Next Article in Journal
Vulnerability of Structural Concrete to Extreme Climate Variances
Previous Article in Journal
Erratum: Norman C. Treloar. Deconstructing Global Temperature Anomalies: An Hypothesis. Climate 2017, 5, 83
Article Menu
Issue 2 (June) cover image

Export Article

Open AccessArticle
Climate 2018, 6(2), 39; https://doi.org/10.3390/cli6020039

Clustering Indian Ocean Tropical Cyclone Tracks by the Standard Deviational Ellipse

1
Center for Spatial Information Science and Systems, George Mason University, Fairfax, VA 22030, USA
2
Department of Geography and Geoinformation Science, George Mason University, Fairfax, VA 22030, USA
*
Author to whom correspondence should be addressed.
Received: 25 November 2017 / Revised: 21 April 2018 / Accepted: 7 May 2018 / Published: 11 May 2018
Full-Text   |   PDF [8400 KB, uploaded 15 May 2018]   |  

Abstract

The standard deviational ellipse is useful to analyze the shape and the length of a tropical cyclone (TC) track. Cyclone intensity at each six-hour position is used as the weight at that location. Only named cyclones in the Indian Ocean since 1981 are considered for this study. The K-means clustering algorithm is used to cluster Indian Ocean cyclones based on the five parameters: x-y coordinates of the mean center, variances along zonal and meridional directions, and covariance between zonal and meridional locations of the cyclone track. Four clusters are identified across the Indian Ocean; among them, only one cluster is in the North Indian Ocean (NIO) and the rest of them are in the South Indian Ocean (SIO). Other characteristics associated with each cluster, such as wind speed, lifespan, track length, track orientation, seasonality, landfall, category during landfall, total accumulated cyclone energy (ACE), and cyclone trend, are analyzed and discussed. Cyclone frequency and energy of Cluster 4 (in the NIO) have been following a linear increasing trend. Cluster 4 also has a higher number of landfall cyclones compared to other clusters. Cluster 2, located in the middle of the SIO, is characterized by the long track, high intensity, long lifespan, and high accumulated energy. Sea surface temperature (SST) and outgoing longwave radiation (OLR) associated with genesis of TCs are also examined in each cluster. Cyclone genesis is co-located with the negative OLR anomaly and the positive SST anomaly. Localized SST anomalies are associated with clusters in the SIO; however, TC geneses of Cluster 4 are associated with SSTA all over the Indian Ocean (IO). View Full-Text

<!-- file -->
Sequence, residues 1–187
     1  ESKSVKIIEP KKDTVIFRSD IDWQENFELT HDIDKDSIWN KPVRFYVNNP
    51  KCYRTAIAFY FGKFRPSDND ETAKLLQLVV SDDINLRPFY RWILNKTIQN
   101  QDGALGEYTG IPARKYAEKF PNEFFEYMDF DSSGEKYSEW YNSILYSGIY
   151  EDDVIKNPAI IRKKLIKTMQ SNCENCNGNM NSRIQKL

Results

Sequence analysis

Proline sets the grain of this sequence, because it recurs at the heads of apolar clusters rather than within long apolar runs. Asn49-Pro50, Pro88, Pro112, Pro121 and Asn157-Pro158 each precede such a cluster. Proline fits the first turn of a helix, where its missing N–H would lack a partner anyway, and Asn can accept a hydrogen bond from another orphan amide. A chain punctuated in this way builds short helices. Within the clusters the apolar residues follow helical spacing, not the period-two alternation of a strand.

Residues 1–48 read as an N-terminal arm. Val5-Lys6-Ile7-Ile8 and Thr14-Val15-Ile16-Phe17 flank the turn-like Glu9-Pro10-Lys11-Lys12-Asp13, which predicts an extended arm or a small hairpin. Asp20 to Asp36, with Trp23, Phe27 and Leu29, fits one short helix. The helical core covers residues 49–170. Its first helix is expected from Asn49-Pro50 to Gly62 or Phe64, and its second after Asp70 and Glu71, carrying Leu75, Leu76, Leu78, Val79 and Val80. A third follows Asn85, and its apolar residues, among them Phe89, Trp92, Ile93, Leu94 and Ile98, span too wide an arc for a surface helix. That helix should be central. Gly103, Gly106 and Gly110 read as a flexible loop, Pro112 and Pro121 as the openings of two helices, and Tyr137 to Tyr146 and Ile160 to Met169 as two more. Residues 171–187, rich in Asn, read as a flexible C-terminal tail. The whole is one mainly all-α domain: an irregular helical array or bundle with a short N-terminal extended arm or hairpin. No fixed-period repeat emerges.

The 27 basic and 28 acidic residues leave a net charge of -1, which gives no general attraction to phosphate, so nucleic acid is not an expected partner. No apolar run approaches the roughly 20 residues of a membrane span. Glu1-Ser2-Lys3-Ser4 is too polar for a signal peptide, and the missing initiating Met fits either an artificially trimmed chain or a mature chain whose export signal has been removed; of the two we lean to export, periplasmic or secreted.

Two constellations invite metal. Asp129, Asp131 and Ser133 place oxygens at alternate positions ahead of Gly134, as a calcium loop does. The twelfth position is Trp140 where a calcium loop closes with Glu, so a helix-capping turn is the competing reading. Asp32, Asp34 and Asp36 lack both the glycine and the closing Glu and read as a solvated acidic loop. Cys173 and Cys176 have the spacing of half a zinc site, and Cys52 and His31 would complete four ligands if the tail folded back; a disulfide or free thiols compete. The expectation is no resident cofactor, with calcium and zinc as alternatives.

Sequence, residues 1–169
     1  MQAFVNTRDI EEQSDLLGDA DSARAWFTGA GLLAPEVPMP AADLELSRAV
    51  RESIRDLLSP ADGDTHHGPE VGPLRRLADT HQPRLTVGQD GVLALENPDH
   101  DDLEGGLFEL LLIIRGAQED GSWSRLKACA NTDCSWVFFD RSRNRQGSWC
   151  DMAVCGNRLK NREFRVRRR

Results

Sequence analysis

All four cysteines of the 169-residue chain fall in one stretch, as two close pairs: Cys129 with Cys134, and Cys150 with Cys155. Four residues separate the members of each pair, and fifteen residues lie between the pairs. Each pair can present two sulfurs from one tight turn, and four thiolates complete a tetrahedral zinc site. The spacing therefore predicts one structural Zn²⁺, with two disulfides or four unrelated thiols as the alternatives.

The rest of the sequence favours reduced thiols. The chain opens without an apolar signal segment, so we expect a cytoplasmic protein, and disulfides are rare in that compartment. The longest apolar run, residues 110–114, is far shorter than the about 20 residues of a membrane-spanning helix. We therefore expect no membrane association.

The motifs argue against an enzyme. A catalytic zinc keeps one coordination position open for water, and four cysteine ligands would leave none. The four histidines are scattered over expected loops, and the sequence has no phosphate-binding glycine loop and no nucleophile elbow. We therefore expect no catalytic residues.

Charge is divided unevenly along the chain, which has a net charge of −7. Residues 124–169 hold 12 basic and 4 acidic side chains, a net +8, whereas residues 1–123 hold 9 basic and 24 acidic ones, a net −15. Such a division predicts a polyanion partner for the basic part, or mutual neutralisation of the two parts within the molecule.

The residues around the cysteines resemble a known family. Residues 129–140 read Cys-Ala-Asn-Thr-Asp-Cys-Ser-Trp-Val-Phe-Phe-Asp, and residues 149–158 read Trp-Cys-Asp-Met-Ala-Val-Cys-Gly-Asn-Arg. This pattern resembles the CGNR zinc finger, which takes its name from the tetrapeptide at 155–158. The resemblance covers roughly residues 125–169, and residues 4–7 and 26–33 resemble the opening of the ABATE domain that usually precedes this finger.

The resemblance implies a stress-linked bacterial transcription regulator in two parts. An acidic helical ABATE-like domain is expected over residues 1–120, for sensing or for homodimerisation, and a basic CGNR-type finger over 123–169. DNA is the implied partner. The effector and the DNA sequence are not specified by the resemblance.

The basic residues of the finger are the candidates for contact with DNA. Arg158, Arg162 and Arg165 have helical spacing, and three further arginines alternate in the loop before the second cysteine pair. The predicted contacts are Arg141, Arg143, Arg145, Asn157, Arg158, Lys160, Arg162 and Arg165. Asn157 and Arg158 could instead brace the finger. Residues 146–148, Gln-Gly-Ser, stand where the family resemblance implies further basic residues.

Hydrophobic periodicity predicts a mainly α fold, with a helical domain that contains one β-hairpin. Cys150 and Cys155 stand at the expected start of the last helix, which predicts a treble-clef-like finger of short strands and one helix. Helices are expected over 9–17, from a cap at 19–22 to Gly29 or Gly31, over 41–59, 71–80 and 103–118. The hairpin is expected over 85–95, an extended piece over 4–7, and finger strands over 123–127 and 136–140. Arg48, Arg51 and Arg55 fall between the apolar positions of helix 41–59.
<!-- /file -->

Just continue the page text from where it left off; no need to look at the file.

Keywords: cyclone; clustering; Indian Ocean; cyclone track cyclone; clustering; Indian Ocean; cyclone track
Figures

Figure 1a

This is an open access article distributed under the Creative Commons Attribution License which permits unrestricted use, distribution, and reproduction in any medium, provided the original work is properly cited. (CC BY 4.0).
SciFeed

Share & Cite This Article

MDPI and ACS Style

Rahman, M.S.; Yang, R.; Di, L. Clustering Indian Ocean Tropical Cyclone Tracks by the Standard Deviational Ellipse. Climate 2018, 6, 39.

Show more citation formats Show less citations formats

Note that from the first issue of 2016, MDPI journals use article numbers instead of page numbers. See further details here.

Related Articles

Article Metrics

Article Access Statistics

1

Comments

[Return to top]
Climate EISSN 2225-1154 Published by MDPI AG, Basel, Switzerland RSS E-Mail Table of Contents Alert
Back to Top